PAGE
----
- An option or other derivative instrument with respect to any of these examples or with respect to any currency or commodity that is entered into with a foreign counterparty, or issuer;
- A partnership interest in a foreign partnership;
- An interest in a foreign retirement plan or a deferred compensation plan;
- An interest in a foreign estate; or
- An interest in a foreign-issued insurance contract or annuity with a cash-surrender value.
The IRS has indicated that the above list of examples is not an exclusive list.
Reporting Requirements for Tangible Assets
Foreign owned real estate is not a specified asset required to be reported unless it is held through an entity. Therefore, unless a U.S. person holds a foreign personal residence and/or foreign rental property through a foreign entity, the value is not reportable.
The IRS has provided guidance regarding the items which do NOT have to be reported on Form 8938. Excluded assets include:
- Foreign currency not held in a financial account;
- Shares of a U.S. mutual fund that owns foreign stocks or securities;
- Financial accounts with a U.S. financial institution that holds foreign stocks and securities;
- Financial accounts with a U.S. branch or U.S. affiliate of a foreign financial institution;
- Right to receive payment from the foreign equivalent of social security or social security benefits or similar programs of a foreign government;
- Art, antiques, jewelry, cars and other collectibles located outside the United States;
- Precious metals held for investment purposes and located outside the United States; and
- Safety deposit box at a foreign financial institution.
If Form 8938 is required, all specified foreign financial assets, regardless of value, must be reported. What this means is that even if the special valuation rules assign a value of "zero" to an asset (as could be the case, for example, with an interest a "specified individual" has in a discretionary foreign non-grantor trust), that asset must be reported once the applicable threshold is met, although it would be reported with a "zero" value. Furthermore, even though ownership of precious metals does not have to be reported, the contract to sell precious metals to a foreign person has to be reported.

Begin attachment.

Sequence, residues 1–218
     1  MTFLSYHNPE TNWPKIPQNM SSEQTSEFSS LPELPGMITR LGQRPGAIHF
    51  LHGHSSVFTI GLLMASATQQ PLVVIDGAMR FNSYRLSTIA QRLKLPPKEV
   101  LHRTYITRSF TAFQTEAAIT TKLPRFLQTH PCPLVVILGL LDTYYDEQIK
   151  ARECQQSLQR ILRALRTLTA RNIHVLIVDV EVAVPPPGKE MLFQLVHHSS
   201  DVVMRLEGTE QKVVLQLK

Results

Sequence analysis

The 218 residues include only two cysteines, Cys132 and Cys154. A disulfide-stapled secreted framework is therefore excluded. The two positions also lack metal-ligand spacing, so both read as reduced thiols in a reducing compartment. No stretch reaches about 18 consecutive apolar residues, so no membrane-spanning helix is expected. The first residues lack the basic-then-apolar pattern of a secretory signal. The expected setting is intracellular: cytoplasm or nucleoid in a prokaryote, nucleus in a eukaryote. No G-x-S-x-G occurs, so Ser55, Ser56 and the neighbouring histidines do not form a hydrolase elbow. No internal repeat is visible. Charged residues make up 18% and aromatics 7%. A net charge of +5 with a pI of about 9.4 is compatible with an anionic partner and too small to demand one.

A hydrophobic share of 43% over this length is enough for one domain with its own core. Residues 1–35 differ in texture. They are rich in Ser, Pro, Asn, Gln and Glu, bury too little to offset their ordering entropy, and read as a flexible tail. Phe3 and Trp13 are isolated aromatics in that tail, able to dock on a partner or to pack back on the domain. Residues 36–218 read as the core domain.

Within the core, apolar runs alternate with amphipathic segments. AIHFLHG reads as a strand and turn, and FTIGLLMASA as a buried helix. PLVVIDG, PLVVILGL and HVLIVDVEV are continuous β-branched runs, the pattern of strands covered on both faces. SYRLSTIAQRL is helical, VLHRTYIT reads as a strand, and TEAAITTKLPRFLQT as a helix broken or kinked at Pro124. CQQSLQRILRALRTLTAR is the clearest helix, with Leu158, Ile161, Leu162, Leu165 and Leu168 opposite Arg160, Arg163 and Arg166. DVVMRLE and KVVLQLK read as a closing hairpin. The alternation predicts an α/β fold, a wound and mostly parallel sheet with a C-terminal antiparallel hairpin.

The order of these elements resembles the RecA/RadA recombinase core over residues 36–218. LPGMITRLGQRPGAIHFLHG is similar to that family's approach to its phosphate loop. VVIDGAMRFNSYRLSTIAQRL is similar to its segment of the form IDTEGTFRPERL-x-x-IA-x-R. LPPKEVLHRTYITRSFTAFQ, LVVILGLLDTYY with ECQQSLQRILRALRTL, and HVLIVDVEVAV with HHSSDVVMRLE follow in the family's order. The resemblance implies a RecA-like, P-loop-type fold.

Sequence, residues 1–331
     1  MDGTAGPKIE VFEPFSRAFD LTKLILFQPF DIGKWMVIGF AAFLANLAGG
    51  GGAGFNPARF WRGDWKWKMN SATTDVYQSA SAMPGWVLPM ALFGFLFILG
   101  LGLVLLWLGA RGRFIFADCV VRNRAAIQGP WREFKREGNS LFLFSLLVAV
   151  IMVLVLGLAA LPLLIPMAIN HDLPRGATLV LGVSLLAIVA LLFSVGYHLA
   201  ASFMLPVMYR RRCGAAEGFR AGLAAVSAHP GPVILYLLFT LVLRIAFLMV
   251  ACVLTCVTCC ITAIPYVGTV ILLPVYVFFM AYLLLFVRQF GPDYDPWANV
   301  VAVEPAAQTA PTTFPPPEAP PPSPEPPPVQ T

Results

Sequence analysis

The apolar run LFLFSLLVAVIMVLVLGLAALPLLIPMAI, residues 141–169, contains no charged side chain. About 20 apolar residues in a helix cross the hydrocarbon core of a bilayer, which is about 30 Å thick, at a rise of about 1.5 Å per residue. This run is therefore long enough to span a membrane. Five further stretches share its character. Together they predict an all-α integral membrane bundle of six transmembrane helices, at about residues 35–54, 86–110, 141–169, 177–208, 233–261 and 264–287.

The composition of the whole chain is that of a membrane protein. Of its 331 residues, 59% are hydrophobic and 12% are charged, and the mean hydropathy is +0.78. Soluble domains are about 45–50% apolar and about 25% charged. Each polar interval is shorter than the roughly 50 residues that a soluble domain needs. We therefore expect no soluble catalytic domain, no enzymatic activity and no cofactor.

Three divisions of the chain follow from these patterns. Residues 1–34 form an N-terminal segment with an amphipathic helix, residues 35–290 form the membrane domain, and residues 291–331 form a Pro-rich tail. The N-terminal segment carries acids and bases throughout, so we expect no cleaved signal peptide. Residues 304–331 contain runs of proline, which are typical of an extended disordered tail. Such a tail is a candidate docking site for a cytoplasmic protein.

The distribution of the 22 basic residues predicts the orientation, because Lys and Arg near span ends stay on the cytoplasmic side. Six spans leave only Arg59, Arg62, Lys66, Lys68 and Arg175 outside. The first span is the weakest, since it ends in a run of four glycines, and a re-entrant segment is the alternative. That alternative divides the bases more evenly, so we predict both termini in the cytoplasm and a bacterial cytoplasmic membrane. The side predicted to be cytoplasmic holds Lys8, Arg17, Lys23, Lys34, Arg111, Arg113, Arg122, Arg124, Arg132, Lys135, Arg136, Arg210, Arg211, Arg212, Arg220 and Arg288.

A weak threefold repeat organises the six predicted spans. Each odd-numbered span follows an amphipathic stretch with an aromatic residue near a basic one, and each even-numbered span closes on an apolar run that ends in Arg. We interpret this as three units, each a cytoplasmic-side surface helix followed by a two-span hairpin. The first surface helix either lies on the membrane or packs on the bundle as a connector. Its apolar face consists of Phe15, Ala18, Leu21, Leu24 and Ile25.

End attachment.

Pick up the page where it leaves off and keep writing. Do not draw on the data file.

A U.S. taxpayer who is not required to file an U.S. tax return is exempt from filing Form 8938.
If a taxpayer has failed to file Form 8938 with their U.S. tax return for 2011, file Form 1040X (amended return), with Form 8938 attached.
Form 8938 and Form TD F 90-22.1
For advisors and U.S. Persons who have become familiar with Form TD F 90-22.1 or "FBAR," they will find a new group of definitions that apply to Form 8938, and, generally a broader range of assets that must be reported. A "specified individual" meeting certain thresholds must file a Form 8938, while a "U.S. Person," meeting certain thresholds must file an FBAR. They will also find different and higher dollar-value thresholds for reporting on Form 8938 than on the FBAR.
Finally, filing Form TD F 90-22.1 and Form 8938, is not mutually exclusive. Often a taxpayer is obligated to file both forms, and frequently the same information has to be reported on both forms. There is some relief for taxpayers who file Forms 3520, 3520-A, 5471, 8621, 8865 or 8891. These taxpayers do not need to duplicate the information provided on these forms, but Part IV of Form 8938 must indicate that these forms have been filed.